And then my mother was fluttering around. I can’t figure out why my mom had such a powerful, distinctive scent, so strong that I still smell her in my parlor which was once her bedroom. When I open the door, it’s just like a blast of Dorothy, amazing since she hasn’t lived there in eight years. On New Year’s Eve, my family gathered at my daughter’s house. She inherited my parents’ breakfront which I’d wanted badly, but I didn’t have the right space for it. Somehow the conversation turned to mom and my son-in-law mentioned that the inside of that cabinet still smelled like her. Odd though it was, I opened the doors and stuck my head inside and instantly, she wafted into my nose. So weird. I always wished Michael had such a special aroma. I can smell his deodorant, Old Spice Sport, but that’s not organic. Thankfully, he exists in me in different ways.

I’m not reading as many books as I want to and have a bunch loaded onto the Kindle app I use on my phone. Supposedly the average American reads twelve books a year, but other estimates indicate that actually it’s more like four. I’m ahead of those numbers but I’m behind my own goals of at least three a month. I think it’s because I’ve spent so much time obsessively reading political articles during the Trump era. I hope I can fix this once this administration is actually gone, which will still take some time.

Speaking of books, I think I need to read more that are funny. The three above made me laugh out loud. Generally though, I tend to read non-fiction that’s pretty serious. I think I figured that with limited time to learn, I should chuck the lightweight stuff. I’m trying to read more novels. If they make me sad, that’s alright. I’ve decided there’s value in reading anything that evokes feelings, whatever they may be, happy or sad. Better than coming up empty at the end.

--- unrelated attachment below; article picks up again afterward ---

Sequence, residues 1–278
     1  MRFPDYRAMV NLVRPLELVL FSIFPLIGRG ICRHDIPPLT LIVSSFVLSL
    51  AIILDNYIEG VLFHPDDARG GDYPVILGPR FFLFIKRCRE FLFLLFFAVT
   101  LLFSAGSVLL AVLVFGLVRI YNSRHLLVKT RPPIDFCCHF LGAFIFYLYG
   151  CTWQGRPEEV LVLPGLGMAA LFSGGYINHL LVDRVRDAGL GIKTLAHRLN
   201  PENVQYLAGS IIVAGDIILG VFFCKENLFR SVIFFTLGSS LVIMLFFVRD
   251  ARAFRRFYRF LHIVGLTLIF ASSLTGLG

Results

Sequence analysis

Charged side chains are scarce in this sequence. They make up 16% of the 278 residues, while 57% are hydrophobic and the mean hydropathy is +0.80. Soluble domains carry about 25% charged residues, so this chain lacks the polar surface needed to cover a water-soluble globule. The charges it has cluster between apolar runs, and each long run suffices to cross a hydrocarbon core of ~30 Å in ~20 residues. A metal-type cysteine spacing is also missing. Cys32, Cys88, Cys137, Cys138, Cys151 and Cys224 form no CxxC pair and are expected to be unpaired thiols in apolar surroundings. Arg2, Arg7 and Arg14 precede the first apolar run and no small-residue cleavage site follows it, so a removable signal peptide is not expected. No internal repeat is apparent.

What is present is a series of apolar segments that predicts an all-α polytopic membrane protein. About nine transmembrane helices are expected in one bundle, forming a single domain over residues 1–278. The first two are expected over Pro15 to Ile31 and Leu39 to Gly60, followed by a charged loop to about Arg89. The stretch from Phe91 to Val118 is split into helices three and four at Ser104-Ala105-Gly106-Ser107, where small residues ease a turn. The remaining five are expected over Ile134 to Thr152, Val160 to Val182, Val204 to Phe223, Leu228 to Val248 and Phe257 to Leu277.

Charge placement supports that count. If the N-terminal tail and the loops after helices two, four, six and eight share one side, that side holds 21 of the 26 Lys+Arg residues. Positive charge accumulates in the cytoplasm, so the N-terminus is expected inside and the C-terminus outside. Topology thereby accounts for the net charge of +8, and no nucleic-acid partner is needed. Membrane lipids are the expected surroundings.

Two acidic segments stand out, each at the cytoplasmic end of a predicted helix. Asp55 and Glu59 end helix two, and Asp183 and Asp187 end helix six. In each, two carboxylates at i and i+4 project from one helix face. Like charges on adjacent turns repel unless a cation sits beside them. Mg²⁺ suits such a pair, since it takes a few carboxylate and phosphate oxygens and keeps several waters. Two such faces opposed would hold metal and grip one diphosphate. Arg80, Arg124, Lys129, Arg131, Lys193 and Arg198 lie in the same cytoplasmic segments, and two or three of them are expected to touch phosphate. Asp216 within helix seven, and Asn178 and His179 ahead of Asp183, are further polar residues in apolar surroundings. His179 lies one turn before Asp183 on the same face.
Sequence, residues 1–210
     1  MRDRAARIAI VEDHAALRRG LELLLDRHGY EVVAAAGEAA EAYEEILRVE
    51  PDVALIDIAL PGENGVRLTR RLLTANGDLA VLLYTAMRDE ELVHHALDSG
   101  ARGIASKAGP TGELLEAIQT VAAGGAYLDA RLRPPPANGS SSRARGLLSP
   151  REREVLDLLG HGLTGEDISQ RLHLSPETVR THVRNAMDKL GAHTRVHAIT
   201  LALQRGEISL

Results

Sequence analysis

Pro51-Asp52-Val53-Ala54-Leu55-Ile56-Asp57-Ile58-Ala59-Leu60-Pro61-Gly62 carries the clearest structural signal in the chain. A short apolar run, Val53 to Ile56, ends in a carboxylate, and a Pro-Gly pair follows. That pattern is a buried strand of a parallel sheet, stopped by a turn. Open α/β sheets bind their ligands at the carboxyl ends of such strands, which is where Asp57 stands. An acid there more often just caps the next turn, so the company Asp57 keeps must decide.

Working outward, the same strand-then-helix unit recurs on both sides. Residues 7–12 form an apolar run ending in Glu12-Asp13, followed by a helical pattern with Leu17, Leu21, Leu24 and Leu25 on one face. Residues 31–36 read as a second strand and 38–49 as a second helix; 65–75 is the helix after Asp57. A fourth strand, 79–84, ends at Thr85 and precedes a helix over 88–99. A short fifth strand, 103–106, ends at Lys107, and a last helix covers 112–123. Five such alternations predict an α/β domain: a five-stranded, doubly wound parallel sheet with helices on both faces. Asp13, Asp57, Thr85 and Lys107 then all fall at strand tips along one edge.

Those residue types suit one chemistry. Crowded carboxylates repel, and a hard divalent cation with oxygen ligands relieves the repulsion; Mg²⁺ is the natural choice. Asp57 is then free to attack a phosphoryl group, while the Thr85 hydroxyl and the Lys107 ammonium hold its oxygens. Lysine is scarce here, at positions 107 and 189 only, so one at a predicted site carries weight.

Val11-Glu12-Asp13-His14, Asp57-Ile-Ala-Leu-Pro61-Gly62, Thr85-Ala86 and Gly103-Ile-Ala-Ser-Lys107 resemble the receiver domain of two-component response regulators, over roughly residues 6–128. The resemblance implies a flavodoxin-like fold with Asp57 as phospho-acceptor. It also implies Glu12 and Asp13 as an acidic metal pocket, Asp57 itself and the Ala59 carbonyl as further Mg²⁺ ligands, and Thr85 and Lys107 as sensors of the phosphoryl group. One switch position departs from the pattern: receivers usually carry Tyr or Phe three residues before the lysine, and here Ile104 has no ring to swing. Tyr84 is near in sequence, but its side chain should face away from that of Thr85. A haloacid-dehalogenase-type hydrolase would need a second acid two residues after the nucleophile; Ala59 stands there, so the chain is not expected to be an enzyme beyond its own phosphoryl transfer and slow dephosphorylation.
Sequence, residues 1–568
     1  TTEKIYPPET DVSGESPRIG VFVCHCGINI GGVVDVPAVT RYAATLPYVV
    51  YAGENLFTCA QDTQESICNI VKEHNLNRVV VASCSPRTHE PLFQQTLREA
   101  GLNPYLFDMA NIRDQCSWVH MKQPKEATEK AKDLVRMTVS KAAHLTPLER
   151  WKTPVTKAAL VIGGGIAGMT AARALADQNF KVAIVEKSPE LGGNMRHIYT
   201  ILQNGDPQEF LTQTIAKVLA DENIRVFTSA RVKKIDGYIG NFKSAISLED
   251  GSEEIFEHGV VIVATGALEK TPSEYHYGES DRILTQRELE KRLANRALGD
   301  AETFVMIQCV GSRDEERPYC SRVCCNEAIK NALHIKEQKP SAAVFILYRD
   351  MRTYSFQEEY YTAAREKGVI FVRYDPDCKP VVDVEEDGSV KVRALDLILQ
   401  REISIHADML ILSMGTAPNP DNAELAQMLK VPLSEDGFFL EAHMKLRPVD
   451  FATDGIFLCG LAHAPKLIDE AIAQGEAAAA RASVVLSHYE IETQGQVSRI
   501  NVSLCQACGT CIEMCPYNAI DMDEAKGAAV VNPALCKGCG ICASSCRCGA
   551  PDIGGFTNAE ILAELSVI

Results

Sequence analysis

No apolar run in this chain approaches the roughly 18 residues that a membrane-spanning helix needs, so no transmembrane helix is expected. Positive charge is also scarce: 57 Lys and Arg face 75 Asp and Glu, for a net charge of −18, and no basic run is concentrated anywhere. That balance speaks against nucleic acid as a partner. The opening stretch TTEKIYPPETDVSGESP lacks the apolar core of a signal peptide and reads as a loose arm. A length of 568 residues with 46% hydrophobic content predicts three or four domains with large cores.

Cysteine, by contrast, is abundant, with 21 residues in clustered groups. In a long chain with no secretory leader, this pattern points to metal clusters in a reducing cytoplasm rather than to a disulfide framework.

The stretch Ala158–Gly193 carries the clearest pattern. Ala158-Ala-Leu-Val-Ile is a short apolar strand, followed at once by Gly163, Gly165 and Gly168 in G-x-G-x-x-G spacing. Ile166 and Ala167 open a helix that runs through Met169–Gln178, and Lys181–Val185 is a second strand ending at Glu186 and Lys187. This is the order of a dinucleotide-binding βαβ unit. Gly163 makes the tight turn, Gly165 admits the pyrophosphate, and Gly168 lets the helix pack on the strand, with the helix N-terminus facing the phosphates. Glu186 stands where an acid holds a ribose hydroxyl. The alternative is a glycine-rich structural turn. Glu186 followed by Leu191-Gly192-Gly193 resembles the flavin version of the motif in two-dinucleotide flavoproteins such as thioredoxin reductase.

I like idea of having a spirit animal and picked a dolphin for myself years ago. They have big brains, speed, compassion and playful joy. Sounded perfect. Then I decided I needed a bird too. I selected the albatross which can fly for thousands of miles, live on isolated islands and mate for life. Excellent. But tonight I realized I have no land animal. Seemed like an oversight. I’m still thinking about that.

Today is the birthday of a woman with whom I used to be very close. Our relationship ended over five years ago, leaving me with a bitter taste as I felt used and discarded by her, and ultimately her whole family. Sometimes things change because they run their course. I get that. I just wish I didn’t have to remember all of their birthdays. In fact, I remember an absurd number of birthdays, clinic numbers, telephone numbers, addresses, driver’s licenses and on and on. I remember that two kids in my second grade class were both born on March 4th. I don’t understand why these irrelevancies are parked in my head. There’s not much I can do about it. Michael always told me that if I started developing dementia or Alzheimer’s, I’d just be like a normal person. Gallows humor, I know.

DNA methylation
Horizontal gene transfer of the algal nuclear gene…

So then I went down these two science rabbit holes about which I’m completely unqualified to say almost anything. The DNA methylation is basically about changes to our DNA caused by any number of factors, both external and internal. Thousands if not more of these alterations are happening in our bodies daily. These processes are connected to epigenetics and essentially, can be responsible for lots of internal degradation if you’re unlucky. And then there’s the connection to aging which is a whole other matter. The horizontal gene transfer subject sounded like a really cool idea to me. I was thinking about microbial exchanges so that I could imagine that surges I feel for Michael are really happening because parts of his actual biota are now part of me. On further examination, it seems that this process has more to do with causing certain bacteria to become more resistant to antibiotics. Further along, the article got into the topic of genetic engineering. I liked my idea better.

For awhile this evening I was trying to rank my top five songs by The Rolling Stones, The Allman Brothers and Little Feat. Why would anyone care about that but me? And for my daily dance party which I’m substituting for my sorely missed swimming, I was thinking that James Brown made me move the fastest. So now everyone knows that tidbit in case you have a dance party of your own in the works.

All of these wanderings while I spent hours this evening, anxiously watching election returns and analysis, worrying about the crazy election certification process scheduled to unfold tomorrow. I’m hoping there’s no violence in Washington but I’m prepared for anything. Soon January 20th will come with its inauguration. Maybe I’ll get my Covid vaccine. Then I can pick up the writing of memories I’m supposed to be leaving for my family. Somehow it’s now 3:16 a.m. I’m hoping to be asleep by 4 after reading another chapter or two of my Isabel Allende book. Not my favorite genre, magic realism, but engaging and well-written. No more thought from this night.